The gameplay does suffer from a few flaws. The early parts of Metro: Last Light Redux has a forced stealth section with an instant failure state. If you’re discovered by the guards, lethal gas is deployed and everyone dies. There is nothing necessarily wrong with a forced failure state. However, Metro 2033 Redux seemed to offer more freedom in choosing whether you went for stealth or overt combat.
The “Bandits” chapter has another noticeable issue. Merchants are typically found only in safe zones such as Metro stations or a Ranger base. However, the “Bandits” chapter has merchants at the beginning of the level. You can clear the tunnels ahead of you of enemies, pick up their guns 2 or 3 at a time (depending on your difficulty and gameplay settings) and sell them to the firearms merchant. This is an oversight that can render the remainder of the game much less difficult in terms of being careful with your military-grade ammunition. (Admittedly, this somewhat cheap tactic will involve a lot of backtracking). The difficulty is also somewhat lightened in some respects (such as slightly faster reload times) and this can be viewed as a downside for the people who enjoyed the more unforgiving gameplay of the previous game.
Andrew the Blacksmith makes a return, and this time he hooks you up with a sweet ride. A railcar nicknamed “Regina” is the Metro’s equivalent of a sports car. I have to admit it was awfully fun to putter around in this little beauty. The railcar sections of the game felt oddly reminiscent of Half-Life 2’s buggy sections – you’d drive along the tracks until you see something interesting. You also have the opportunity to engage in combat while driving since a lack of steering kept your hands free for shooting hostiles.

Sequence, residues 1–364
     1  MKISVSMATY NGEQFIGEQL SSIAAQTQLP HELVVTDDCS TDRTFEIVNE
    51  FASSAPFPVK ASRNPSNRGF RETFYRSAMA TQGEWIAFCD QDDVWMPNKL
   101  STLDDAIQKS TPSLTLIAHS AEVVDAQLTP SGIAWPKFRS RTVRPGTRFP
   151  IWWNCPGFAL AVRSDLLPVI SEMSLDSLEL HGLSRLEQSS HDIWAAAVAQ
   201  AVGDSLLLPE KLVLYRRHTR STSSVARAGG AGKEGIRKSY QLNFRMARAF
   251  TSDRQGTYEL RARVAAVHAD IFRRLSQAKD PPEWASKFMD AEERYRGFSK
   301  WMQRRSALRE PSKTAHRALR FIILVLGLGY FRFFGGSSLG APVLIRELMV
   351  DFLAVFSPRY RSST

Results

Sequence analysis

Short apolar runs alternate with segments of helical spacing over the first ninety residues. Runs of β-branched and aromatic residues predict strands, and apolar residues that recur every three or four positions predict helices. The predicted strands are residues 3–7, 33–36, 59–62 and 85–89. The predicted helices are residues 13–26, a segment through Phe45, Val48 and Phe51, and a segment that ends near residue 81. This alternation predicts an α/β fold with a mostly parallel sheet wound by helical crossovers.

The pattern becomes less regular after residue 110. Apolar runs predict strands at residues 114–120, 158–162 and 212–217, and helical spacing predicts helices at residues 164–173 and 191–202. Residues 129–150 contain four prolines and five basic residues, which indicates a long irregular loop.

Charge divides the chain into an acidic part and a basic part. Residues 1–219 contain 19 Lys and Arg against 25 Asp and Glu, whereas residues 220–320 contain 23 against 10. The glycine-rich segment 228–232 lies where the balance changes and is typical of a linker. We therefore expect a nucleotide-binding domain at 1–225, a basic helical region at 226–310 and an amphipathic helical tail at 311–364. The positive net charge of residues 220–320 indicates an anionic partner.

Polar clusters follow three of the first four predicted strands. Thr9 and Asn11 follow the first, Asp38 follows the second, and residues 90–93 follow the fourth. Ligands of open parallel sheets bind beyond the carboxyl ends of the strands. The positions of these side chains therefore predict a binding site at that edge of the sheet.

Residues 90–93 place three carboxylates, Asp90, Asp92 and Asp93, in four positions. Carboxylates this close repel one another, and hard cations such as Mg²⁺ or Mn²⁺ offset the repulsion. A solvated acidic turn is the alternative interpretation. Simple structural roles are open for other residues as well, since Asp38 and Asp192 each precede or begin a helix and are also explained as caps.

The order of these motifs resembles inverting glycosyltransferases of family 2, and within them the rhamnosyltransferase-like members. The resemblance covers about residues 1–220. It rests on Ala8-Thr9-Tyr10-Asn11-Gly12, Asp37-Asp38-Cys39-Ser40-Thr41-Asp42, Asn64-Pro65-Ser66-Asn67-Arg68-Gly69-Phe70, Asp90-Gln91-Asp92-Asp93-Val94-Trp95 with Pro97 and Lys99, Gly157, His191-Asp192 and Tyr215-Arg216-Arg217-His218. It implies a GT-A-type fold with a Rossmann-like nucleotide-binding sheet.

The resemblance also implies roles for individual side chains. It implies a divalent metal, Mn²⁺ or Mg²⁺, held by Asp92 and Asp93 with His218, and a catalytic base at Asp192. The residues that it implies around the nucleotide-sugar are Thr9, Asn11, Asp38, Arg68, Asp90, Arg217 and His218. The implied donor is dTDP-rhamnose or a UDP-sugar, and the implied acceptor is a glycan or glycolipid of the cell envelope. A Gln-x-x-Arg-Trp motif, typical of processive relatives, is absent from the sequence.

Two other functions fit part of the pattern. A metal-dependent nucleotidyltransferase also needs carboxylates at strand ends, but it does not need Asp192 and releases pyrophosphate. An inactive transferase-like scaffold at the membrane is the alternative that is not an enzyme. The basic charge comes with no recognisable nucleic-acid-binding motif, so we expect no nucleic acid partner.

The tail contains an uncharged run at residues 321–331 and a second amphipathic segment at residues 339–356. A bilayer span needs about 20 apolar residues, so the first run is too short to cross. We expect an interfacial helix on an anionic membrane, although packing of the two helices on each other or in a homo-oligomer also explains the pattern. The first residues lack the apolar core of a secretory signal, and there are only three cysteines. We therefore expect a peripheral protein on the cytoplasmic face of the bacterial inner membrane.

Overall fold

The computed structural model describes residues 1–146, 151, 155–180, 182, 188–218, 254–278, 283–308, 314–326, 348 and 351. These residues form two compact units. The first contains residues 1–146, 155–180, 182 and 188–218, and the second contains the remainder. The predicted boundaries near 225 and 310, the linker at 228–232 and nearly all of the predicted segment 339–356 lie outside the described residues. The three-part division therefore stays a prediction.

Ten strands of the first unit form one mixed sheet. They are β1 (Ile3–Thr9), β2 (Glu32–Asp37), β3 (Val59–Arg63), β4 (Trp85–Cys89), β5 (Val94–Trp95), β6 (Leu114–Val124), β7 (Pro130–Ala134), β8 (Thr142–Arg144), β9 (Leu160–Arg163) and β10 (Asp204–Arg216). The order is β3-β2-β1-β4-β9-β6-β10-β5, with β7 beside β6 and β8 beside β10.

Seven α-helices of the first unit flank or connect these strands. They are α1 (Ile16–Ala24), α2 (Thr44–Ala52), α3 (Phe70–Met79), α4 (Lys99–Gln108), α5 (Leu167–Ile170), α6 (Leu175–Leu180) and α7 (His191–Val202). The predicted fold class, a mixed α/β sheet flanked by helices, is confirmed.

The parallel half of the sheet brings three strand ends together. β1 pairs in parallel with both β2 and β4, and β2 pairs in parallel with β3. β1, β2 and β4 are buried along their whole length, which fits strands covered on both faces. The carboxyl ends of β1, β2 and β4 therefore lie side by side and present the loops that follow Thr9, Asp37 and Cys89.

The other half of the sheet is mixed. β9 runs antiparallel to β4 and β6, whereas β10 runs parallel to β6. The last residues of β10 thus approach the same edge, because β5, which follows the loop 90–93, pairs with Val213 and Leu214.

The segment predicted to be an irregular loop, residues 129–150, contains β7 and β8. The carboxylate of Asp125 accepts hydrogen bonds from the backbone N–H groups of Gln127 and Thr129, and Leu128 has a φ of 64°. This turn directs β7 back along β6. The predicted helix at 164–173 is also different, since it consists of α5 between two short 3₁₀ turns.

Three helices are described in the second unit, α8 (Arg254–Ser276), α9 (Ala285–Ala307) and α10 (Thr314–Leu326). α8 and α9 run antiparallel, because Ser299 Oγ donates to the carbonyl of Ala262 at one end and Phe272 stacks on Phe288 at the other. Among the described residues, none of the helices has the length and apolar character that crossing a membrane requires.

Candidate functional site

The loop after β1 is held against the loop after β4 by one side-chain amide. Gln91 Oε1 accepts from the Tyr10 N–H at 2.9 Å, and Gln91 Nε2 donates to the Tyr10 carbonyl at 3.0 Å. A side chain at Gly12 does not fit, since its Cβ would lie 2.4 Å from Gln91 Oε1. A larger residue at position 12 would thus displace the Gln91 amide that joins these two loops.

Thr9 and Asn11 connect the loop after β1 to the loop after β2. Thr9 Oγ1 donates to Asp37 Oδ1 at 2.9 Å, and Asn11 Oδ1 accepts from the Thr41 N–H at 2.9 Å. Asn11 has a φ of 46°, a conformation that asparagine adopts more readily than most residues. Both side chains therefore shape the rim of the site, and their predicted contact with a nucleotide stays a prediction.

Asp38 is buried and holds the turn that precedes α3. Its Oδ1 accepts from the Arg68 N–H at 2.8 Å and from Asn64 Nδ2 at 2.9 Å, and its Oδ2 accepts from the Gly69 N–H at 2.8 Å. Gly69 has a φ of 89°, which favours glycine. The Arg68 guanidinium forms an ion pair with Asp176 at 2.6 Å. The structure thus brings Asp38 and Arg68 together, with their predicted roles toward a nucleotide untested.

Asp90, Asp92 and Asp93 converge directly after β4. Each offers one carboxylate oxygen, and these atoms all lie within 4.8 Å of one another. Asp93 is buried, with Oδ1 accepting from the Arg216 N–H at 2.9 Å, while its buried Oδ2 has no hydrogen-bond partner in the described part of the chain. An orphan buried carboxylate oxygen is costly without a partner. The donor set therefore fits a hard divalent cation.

The morality system also makes a return in Metro: Last Light Redux. (Spoiler Alert: reading about the morality system will spoil certain plot points!) It is slightly more intuitive with more clearly delineated “good” or “bad” actions (such as killing someone versus knocking them unconscious), but there is no real way to track it and failure to accrue enough “good” points can lock you out of one of the endings. It would have been nice to have a way to track your moral points much like the Fallout games allow you to see your Karma and faction reputations.
Metro: Last Light Redux includes a lot of missions that were originally DLC. They’re a bit easy to miss – you have to press “Q” at the Chapter Select screen to see them. Of particular note is the “Developer Pack” level which serves several functions. There’s a shooting gallery that lets you tinker with every weapon in the game (including modifying them) and see how they fare against various different enemy types. The Museum lets you see most of the major humans and creatures that you come across throughout the game. You don’t just get to look at a static object – you can view their animations as well. Lastly, the AI Arena lets you pit types of enemies against one another for funsies. All of these toys are featured in one level, and it’s not just a fun level – it’s a useful level. Games would benefit from giving players a simple sandbox like this to test out equipment and generally just mess around. It brought up mild hints of nostalgia for Perfect Dark’s Carrington Institute that provided opportunities to test out the weapons and complete challenges with them in-between missions.
The included DLC also has some straightforward missions like “Shoot at hordes of incoming communists with a gatling gun” as well as some more story-oriented missions that allow you to explore things from the perspective of one of the major characters besides Artyom. They do not affect the main storyline, but it is nice to have the bonus content.
Metro: Last Light Redux offers more guns, more locations, and a few new interesting characters. While it is a bit lighter on the paranormal elements, it still does a fantastic job telling a story of competing political factions vying for control of the Metro. You can purchase Metro: Last Light Redux on Steam, and if the game interests you I highly recommend you purchase the bundle that includes Metro 2033 Redux.
Metro: Last Light Redux was purchased by the reviewer and reviewed on the PC Platform.
Do you feel Metro: Last Light Redux was a good sequel to Metro 2033 Redux or did it miss the mark? Let us know in the comments below!
Although it makes some stumbles that its predecessor avoided, Metro: Last Light Redux is nonetheless an exciting romp through previously unexplored parts of the Metro universe.